Form & Symbolism
The Aboriginal flag is divided horizontally into halves. The top half is black and the lower half red. There is a yellow disk in the centre of the flag.
The meaning of the three colours in the flag, as stated by Harold Thomas, is:
Black - represents the Aboriginal people of Australia.
Red - represents the red earth, the red ochre used in ceremonies and Aboriginal people’s spiritual relation to the land.
Yellow disk - represents the Sun, the giver of life and protector.
History of the Flag
The Australian Aboriginal Flag was designed by artist
Harold Thomas (a Luritja/Wompei) man and was first flown at Victoria Square in
Adelaide, SA, on National Aborigines Day, 12 July 1971.
It became the official flag for the Aboriginal Tent Embassy in Canberra after it was first flown there in 1972.
Since then, it has become a widely recognised symbol of the unity and identity of Aboriginal people.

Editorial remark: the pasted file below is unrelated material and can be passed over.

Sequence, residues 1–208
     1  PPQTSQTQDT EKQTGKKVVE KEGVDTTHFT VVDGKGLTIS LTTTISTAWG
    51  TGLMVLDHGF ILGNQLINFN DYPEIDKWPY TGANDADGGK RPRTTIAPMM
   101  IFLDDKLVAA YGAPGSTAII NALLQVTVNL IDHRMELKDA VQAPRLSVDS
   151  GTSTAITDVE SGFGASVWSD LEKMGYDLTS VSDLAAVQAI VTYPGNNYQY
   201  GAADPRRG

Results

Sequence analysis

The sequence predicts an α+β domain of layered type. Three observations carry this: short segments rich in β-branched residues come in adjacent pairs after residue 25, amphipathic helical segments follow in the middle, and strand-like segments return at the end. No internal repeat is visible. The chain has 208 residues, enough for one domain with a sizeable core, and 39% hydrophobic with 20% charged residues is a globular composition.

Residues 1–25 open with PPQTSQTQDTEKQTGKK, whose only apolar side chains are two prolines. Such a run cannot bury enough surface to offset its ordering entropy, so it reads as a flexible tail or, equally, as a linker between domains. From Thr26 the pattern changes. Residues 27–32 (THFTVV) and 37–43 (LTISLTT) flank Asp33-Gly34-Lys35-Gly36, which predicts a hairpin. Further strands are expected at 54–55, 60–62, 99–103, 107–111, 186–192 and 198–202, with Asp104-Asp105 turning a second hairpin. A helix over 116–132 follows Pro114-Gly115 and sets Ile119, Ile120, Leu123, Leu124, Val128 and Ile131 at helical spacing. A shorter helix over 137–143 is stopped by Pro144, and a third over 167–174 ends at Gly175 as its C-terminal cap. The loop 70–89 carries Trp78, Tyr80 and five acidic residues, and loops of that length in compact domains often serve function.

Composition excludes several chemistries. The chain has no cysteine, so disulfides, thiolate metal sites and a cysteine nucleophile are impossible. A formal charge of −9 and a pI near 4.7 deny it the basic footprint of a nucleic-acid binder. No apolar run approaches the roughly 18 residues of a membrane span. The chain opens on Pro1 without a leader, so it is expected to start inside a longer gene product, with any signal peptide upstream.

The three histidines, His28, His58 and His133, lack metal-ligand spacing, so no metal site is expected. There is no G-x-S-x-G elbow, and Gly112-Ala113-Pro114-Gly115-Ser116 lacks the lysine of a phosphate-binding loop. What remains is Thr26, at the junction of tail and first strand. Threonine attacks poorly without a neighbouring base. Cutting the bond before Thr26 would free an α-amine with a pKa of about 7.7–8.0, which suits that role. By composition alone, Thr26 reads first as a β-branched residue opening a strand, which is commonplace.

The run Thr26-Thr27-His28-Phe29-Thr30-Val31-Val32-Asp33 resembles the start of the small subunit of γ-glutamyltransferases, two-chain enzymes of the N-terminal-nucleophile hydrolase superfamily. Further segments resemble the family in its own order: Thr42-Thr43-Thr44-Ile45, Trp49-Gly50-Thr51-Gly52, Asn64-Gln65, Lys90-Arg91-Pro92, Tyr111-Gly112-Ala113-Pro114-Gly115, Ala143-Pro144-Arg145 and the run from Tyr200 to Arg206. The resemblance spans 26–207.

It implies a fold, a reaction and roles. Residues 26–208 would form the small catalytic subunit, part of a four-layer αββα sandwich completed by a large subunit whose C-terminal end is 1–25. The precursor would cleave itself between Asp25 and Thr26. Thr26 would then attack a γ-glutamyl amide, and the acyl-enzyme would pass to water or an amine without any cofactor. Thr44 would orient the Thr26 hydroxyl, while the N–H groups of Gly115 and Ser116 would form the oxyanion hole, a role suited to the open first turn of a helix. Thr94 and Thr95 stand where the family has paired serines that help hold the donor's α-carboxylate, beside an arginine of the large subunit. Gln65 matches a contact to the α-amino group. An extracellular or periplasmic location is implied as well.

In view of the flag’s wide acceptance and importance in Australian society, the Commonwealth took steps in
1994 to give the flag legal recognition. After a period of public consultation,
the Aboriginal flag was proclaimed a ‘Flag of Australia’ under section 5 of the
Flags Act 1953 in July 1995.
In 1997 the Federal Court recognised Harold Thomas as the author of the flag. Copyright
The Australian Aboriginal Flag is protected under copyright and may be reproduced only in accordance with the provisions of the Copyright Act 1968 or with the permission of Harold Thomas. Contact details for Mr Thomas are:
- Mr Harold Thomas
- PO Box 41807
- Casuarina NT 0810
Permission is not required to fly the Australian Aboriginal Flag.
The Aboriginal flag should be flown or displayed with the black at the top and the red at the bottom. Any questions on how and when to display the Australian Aboriginal Flag should be directed to:
- Commonwealth Flag Officer
- Awards and National Symbols
- Department of the Prime Minister and Cabinet
- 3-5 National Circuit
- Barton ACT 2600
- Telephone 02 6271 5629